How Online Social Networks Save Paper

how online social networks save paper

Considering how online social networks save paper is, in some ways, self-explanatory. For example, unless you have printed this article, you are looking at it on the biggest social network there is: the Internet.

How Online Social Networks Save Paper & the Environment

In the past, articles were read through newspapers, magazines, or journals, all eventually stacked in garages and basements. While there is some advantage to the immutability of the printed word, the overwhelming number of advantages one gains from the ability to search, collate, and assimilate information digitally has supplanted many printed forms of communication.

The Decline of the Printed Word

Newspaper circulation has reached the lowest point since 1946. It is down to 18% of the population, versus 36% of the population in 1946. This means that while the same number of papers are being sold, there are half as many subscribers per capita. The reason is fairly obvious; digital media is convenient, it is far more current print could ever be, and it is deliverable to multiple portable platforms, from laptops to cell phones and even some digital watches. With the advent of social networks, the decline of the use of paper became even greater.

Social Networks and the Decline of Paper Demand

It's more than just news media that has contributed to the decline of paper demand. "The Internet is taking a big chunk of the [paper industry's] business," said Brian McClay, principal at TerraChoice Market Services Inc., in an article from DM News. He goes on to point out that advertising dollars which used to fill classified sections of newspapers and direct mailings are now being used on the web.

Internet Advertising Replaces Paper Advertising

Many of those advertisers are sending their money to places like MySpace and Facebook, developing ad campaigns as simple as text-links, and as complex as interactive viral widgets. There are entire companies dedicated to the creation of applications on Facebook, simply to spread advertising for various products. Digital media has enabled advertisers to use viral marketing, as friends distribute links to friends faster than any number of direct mail pamphlets or flyers ever could.

The Decline of "Snail Mail"

Social networks have increased connections between people, as well as the distance at which relationships can be maintained. While in the past, these long-distance relationships would be maintained through letter-writing and cards, today websites such as Blue Mountain Card Company allow people to send "e-cards," often with clever animations and sound - something that printed cards never had. Traditional print companies, such as Hallmark, have bowed to this trend by producing their own website with "premium" cards sold and sent online. Resumés, instead of being sent via the post office, are now posted online, or emailed as Word attachments. This has the added advantage of allowing an applicant to provide a full list of skills and experience. The tradition of a one or two page resumé is a thing of the past.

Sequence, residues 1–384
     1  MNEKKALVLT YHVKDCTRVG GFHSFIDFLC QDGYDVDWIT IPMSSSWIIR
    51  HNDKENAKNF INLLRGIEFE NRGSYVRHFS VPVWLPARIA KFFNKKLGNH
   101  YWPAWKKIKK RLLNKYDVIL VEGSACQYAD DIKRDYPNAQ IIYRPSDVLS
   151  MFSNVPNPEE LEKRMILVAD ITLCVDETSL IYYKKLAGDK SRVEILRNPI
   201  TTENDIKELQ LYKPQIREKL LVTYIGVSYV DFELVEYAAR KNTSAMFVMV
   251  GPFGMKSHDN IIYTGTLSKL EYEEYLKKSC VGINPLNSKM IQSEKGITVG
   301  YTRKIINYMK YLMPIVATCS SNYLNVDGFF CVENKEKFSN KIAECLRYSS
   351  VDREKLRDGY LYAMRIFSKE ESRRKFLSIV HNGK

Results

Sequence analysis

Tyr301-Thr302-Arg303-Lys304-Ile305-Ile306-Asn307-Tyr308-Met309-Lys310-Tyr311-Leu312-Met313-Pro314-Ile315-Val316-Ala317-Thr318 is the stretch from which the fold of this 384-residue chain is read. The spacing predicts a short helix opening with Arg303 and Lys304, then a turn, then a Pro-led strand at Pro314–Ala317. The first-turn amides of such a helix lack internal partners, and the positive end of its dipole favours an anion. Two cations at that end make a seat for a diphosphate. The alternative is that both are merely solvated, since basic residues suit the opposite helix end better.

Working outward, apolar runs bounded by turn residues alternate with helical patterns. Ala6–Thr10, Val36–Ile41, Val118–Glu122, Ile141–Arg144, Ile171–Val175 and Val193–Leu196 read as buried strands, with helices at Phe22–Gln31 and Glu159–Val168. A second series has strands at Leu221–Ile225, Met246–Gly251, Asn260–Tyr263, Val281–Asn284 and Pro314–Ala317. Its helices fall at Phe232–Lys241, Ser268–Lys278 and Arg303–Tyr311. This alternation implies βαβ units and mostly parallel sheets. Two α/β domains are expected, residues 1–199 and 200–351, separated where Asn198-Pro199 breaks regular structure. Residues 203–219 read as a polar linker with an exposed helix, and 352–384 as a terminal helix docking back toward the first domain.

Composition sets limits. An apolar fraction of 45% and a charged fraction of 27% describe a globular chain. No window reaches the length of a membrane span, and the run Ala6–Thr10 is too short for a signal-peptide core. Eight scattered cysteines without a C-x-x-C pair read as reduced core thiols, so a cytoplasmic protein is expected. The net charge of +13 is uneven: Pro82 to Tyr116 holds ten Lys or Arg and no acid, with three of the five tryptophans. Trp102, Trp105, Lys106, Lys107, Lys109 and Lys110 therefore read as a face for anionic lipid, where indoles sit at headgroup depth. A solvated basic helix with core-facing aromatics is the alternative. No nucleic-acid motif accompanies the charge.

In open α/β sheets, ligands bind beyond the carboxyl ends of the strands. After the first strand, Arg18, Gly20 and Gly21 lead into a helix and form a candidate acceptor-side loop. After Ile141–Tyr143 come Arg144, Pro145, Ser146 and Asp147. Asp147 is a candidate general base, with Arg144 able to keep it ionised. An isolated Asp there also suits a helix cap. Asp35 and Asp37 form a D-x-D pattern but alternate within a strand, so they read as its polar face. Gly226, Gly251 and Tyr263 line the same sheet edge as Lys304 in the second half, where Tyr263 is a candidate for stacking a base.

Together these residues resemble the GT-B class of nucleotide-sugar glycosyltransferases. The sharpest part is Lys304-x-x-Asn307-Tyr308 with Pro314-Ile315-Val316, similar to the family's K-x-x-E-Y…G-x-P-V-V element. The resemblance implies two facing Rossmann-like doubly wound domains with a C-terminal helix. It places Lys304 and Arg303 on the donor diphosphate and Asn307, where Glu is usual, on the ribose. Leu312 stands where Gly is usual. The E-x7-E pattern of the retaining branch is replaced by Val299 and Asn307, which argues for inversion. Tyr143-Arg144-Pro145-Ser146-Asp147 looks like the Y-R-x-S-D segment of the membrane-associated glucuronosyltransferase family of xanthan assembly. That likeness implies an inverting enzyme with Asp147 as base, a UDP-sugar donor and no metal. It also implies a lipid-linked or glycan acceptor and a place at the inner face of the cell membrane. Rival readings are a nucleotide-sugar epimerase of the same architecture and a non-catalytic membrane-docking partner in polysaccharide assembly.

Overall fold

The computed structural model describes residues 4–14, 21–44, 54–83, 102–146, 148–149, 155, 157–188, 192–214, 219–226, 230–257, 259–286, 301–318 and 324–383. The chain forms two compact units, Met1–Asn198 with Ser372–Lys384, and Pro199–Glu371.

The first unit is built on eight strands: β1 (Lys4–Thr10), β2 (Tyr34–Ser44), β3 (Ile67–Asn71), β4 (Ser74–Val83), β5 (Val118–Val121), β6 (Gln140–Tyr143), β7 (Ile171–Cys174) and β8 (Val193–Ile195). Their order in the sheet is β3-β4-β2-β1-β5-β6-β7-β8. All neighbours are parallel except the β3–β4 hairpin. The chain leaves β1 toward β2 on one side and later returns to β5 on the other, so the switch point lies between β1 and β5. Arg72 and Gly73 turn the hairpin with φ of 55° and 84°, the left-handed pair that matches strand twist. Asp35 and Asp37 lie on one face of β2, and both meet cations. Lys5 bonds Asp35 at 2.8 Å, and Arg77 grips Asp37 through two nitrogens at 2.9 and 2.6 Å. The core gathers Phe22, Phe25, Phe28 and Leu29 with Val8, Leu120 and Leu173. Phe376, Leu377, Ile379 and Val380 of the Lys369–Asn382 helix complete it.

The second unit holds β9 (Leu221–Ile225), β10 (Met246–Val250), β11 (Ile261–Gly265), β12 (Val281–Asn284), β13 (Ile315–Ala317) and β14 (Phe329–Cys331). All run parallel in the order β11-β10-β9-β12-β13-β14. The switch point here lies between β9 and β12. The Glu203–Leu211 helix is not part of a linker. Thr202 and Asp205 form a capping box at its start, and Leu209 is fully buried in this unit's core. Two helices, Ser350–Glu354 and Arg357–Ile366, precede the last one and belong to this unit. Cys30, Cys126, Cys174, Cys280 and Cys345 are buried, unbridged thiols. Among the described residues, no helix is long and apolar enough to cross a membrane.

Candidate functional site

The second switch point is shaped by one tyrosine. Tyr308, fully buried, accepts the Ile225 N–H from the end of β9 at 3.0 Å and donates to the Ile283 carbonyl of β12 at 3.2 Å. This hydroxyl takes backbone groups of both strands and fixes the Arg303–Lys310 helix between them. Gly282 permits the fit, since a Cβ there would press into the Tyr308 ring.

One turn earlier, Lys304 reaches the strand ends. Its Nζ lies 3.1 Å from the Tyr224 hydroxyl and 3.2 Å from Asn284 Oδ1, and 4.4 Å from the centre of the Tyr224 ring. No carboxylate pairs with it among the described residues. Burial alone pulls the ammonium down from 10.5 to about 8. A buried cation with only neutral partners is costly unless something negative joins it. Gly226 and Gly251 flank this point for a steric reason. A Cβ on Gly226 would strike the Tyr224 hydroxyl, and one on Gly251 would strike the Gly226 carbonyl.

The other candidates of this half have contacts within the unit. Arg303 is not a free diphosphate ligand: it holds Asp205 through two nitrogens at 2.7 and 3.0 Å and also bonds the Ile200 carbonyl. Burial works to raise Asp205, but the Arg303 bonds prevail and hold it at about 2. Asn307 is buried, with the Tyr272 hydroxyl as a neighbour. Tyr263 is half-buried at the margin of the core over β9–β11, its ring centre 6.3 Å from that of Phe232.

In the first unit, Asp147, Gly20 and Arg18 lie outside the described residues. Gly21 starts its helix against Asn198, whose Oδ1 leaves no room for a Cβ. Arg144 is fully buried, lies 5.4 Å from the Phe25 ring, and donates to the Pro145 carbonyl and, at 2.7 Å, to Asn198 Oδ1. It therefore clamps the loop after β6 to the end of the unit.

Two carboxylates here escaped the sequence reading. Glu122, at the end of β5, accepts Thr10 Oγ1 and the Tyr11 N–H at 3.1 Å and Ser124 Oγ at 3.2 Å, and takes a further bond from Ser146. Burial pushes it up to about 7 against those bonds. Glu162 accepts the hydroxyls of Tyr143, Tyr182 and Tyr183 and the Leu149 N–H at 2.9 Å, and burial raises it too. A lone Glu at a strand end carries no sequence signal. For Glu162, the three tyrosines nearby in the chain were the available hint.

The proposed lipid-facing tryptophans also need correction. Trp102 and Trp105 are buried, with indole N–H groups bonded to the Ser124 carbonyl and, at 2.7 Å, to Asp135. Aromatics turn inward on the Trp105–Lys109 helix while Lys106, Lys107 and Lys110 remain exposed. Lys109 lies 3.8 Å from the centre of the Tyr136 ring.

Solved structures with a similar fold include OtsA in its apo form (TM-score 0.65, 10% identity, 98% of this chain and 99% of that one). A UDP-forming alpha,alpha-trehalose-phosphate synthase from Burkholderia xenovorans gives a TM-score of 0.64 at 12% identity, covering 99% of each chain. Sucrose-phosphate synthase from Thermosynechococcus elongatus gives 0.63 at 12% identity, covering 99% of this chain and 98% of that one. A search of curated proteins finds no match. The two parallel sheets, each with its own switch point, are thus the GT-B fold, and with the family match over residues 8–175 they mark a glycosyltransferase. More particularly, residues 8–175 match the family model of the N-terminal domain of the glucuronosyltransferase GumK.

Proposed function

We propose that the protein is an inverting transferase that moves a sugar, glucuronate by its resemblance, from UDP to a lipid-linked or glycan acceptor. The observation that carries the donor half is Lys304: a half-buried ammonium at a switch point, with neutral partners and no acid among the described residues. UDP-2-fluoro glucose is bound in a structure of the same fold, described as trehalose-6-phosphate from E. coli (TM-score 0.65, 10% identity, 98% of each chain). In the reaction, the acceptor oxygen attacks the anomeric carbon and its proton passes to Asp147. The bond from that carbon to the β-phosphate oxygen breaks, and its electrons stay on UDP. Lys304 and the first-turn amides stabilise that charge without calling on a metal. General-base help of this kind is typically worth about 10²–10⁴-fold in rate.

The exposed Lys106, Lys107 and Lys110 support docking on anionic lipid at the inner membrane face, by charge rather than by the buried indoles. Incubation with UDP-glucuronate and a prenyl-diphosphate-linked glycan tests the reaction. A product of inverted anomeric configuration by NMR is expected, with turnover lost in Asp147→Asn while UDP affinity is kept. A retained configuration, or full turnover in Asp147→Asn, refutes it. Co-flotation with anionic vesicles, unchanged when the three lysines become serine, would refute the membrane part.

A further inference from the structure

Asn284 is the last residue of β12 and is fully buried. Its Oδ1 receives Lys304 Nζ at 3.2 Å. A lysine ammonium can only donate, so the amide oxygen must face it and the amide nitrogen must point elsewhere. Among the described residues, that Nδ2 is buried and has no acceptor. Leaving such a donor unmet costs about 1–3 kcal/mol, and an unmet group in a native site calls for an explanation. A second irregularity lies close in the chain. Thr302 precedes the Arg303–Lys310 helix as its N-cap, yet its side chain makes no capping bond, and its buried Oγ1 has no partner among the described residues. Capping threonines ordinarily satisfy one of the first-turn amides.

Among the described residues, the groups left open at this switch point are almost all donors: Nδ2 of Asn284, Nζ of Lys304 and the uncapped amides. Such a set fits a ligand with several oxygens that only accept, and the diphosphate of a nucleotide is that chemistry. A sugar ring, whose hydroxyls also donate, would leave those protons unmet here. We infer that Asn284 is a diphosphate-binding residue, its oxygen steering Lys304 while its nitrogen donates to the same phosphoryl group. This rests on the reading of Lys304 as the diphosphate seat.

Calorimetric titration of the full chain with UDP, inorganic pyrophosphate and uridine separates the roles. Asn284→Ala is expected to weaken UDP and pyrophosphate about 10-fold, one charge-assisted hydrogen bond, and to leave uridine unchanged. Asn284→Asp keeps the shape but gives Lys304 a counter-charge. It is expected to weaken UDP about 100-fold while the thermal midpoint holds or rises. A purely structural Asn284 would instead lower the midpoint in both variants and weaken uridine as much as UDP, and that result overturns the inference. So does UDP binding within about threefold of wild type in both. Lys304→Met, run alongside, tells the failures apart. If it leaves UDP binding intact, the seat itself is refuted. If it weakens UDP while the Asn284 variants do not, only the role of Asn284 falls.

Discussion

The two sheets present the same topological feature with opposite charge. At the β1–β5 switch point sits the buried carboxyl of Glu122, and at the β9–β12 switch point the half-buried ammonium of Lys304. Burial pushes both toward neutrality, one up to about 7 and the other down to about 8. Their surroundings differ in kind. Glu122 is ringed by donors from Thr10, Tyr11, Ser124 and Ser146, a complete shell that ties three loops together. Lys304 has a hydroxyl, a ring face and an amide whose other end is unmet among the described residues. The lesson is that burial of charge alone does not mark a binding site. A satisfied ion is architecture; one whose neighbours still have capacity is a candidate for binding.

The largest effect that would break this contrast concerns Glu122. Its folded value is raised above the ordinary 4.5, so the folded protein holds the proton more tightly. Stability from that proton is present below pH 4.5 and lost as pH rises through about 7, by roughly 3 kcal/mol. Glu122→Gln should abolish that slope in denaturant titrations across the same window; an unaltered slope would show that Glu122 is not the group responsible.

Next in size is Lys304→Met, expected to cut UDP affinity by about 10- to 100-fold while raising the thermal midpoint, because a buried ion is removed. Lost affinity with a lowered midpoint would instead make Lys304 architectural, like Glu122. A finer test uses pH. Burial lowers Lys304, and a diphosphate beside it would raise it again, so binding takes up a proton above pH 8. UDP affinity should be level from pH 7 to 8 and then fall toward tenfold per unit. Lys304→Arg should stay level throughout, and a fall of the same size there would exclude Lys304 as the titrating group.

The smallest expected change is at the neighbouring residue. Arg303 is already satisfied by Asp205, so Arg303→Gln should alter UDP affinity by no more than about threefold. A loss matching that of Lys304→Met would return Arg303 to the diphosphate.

Business Transactions and Communications

The way businesses and professionals network and communicate has changed tremendously with the advent of new social networks, such as LinkedIn. Where people used to exchange business cards, now they exchange "V-cards" and "connections," complete with references and introductions. Also, the newsletters that used to be mailed regularly, at immense cost (and which usually filled the wastebaskets of many offices), are now published online at a fraction of the cost, and with searchable, indexable content.

By putting all of this content online, it becomes part of the content on the Internet, and this turns it into de facto advertising for the business or individual. Many people are landing job interviews and business connections through Twitter and using Skype (a voice-and-video-over-internet application) to conduct meetings. In fact, several businesses have completely embraced the "virtual presence" involved in Second Life, an online virtual world where users are represented by avatars. Corporations will hold meetings there, or even establish "virtual" buildings to draw customers in with special discounts and offers.

Final Words

This doesn't mean that print is completely unused. Interoffice memos may be sent via chat, but important documents are still printed on hardcopy. While businesses and individuals are certainly saving paper, it is also valued more. Paper has acquired a sense of importance, due to its very impermeability.

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How Online Social Networks Save Paper